CAPE GIRARDEAU, MO (KFVS) - Annie Em's owner Emilie Stephens has learned the hard way that hackers can do more than just steal your Facebook identity.
Her personal and business Facebook pages were both hacked - and because she pays for advertisements. the hackers were able to do a little more damage than usual.
"The hacker was able to access my credit card information... He charged my credit card for about $1,300," said Stephens.
Her credit card company was able to cancel her card, but Facebook has given her no peace of mind.
"I've reported my both my personal and business pages and unfortunate Facebook doesn't offer any kind of customer service," said Stephens.
After four days of looking, she found an email address for Facebook which promised a one day reply - and still hasn't heard back.
She says Annie Em's had a huge Facebook following, and finding all of those people again will take years.
"We've lost all of our reviews, we've lost all of our beautiful professional photos and we've lost our connection to our customers... that's the most upsetting to me," she said.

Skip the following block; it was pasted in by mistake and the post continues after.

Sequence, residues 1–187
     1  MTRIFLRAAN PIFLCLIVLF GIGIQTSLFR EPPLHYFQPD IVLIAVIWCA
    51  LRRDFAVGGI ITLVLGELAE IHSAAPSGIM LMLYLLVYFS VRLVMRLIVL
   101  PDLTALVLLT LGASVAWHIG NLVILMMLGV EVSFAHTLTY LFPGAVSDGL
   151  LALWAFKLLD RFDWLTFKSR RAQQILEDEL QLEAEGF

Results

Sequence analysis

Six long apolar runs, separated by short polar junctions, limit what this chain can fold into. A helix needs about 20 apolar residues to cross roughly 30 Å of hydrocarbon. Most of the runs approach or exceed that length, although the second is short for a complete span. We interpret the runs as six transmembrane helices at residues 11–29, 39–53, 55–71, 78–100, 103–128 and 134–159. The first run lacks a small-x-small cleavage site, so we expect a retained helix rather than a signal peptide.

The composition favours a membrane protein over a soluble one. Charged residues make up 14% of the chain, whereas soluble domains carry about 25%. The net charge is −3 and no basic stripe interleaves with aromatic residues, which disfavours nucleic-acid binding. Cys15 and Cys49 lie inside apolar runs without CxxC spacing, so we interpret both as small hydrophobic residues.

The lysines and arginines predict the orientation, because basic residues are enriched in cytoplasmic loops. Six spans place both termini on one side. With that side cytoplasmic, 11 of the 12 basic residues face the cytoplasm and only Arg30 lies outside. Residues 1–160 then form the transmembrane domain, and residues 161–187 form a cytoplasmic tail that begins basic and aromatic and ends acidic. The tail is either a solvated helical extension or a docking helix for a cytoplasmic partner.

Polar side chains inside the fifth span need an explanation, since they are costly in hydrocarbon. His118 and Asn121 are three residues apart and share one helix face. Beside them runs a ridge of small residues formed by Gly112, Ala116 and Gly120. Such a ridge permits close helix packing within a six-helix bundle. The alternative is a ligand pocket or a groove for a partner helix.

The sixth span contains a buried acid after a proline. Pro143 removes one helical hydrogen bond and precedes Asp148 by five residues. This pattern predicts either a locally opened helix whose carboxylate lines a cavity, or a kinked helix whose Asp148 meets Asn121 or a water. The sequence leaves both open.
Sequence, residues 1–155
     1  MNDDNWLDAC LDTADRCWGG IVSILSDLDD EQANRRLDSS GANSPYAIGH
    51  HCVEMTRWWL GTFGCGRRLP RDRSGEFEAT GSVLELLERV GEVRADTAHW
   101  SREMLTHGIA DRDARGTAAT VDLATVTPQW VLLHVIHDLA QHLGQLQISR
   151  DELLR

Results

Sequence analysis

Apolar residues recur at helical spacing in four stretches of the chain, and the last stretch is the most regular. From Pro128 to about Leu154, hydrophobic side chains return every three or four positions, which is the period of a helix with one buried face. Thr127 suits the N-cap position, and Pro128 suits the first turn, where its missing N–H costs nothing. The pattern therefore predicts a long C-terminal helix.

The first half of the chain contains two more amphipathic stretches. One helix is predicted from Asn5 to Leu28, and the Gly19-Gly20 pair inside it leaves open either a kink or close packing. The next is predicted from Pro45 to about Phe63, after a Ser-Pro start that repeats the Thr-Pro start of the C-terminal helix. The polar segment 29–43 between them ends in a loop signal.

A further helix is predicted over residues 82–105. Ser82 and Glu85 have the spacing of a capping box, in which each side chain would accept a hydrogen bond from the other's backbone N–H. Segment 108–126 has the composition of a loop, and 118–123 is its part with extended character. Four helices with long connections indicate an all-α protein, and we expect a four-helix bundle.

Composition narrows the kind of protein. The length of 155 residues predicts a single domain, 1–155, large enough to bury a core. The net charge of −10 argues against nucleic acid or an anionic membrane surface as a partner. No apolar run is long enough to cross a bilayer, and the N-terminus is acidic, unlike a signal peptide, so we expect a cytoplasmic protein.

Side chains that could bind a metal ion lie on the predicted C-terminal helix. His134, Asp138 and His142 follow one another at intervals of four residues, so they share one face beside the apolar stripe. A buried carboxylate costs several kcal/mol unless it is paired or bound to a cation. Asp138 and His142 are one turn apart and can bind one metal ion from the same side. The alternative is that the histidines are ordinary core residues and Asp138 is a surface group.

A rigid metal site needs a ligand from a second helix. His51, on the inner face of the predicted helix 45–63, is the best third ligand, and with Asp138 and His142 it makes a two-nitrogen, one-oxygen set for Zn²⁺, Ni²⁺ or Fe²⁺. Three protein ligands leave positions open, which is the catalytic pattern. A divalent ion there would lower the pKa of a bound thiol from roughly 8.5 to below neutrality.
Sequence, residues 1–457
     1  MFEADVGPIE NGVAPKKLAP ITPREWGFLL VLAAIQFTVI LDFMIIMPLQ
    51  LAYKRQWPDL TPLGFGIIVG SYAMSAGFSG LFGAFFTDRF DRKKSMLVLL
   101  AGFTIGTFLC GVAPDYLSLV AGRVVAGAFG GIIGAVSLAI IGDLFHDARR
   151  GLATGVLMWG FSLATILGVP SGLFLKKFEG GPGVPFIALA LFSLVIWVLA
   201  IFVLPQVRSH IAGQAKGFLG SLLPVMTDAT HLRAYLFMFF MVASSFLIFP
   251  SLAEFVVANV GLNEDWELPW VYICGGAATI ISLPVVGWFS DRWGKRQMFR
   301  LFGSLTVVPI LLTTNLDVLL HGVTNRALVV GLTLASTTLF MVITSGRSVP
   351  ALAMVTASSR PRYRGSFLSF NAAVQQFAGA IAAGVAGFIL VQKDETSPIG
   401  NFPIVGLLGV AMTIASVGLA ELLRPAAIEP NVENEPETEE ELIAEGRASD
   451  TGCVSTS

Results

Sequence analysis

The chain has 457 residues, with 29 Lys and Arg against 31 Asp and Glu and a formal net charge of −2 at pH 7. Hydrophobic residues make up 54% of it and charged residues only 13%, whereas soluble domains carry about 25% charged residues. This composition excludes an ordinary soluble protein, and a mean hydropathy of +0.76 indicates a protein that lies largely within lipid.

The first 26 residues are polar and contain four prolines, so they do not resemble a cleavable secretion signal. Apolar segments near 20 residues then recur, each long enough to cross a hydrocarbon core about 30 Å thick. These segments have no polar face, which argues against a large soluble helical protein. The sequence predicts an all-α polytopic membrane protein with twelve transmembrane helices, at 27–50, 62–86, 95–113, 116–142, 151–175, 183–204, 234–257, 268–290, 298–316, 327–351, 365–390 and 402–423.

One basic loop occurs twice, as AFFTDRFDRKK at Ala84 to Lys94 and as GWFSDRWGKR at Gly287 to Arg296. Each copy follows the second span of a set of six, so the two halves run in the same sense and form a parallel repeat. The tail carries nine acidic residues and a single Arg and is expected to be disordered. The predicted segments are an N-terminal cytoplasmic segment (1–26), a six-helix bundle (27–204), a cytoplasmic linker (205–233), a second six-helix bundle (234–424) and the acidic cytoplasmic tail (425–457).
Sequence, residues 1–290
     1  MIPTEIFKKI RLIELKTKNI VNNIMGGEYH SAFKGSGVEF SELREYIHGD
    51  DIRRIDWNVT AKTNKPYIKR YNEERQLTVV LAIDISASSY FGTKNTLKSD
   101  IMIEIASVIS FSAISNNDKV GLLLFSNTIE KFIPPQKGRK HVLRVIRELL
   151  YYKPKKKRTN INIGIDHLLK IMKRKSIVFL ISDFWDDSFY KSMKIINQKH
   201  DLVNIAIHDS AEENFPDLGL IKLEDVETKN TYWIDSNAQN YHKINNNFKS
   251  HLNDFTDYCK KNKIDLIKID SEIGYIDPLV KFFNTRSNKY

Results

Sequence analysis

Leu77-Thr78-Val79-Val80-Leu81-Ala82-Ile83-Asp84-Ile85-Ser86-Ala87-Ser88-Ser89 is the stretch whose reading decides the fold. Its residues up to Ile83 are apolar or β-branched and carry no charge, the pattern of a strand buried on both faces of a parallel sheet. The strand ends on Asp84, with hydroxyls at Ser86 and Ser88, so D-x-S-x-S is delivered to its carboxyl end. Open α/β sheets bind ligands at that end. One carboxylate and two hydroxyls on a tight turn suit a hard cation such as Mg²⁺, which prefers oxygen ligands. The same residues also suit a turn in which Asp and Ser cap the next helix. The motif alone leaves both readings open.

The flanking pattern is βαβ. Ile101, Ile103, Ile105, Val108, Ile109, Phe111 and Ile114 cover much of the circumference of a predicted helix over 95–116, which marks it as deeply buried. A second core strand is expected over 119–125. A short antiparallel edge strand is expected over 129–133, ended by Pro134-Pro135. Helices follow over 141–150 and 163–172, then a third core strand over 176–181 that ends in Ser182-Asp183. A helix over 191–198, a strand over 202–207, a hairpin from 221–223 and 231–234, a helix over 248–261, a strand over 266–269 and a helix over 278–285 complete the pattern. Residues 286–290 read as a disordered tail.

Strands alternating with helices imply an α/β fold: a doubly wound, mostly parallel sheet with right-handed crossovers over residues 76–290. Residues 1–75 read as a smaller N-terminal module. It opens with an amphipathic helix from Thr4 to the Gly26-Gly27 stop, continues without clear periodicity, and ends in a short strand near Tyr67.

Stephens says she knows they aren't done.
"The sad thing is when they are done with my account they are just going to go hack someone else and steal their information."
Allen Whitaker with Velocity Electronics says to avoid hackers, you shouldn't go anywhere unfamiliar on the internet.
"They call it clickbait, you know - [sometimes] you are going on Facebook [and] you see an interesting ad, you click it and then all of a sudden it redirects you somewhere you weren't intending on going," said Whitaker.
Whitaker also said it's important to keep your anti-virus software up to date and to avoid unknown Wifi networks. Stephens said she's never thought about getting hacked.
"My day to day is running a business, and managing inventory, helping customers and so I never would have thought, 'oh, maybe I should check my Facebook page, maybe it could get hacked today.'"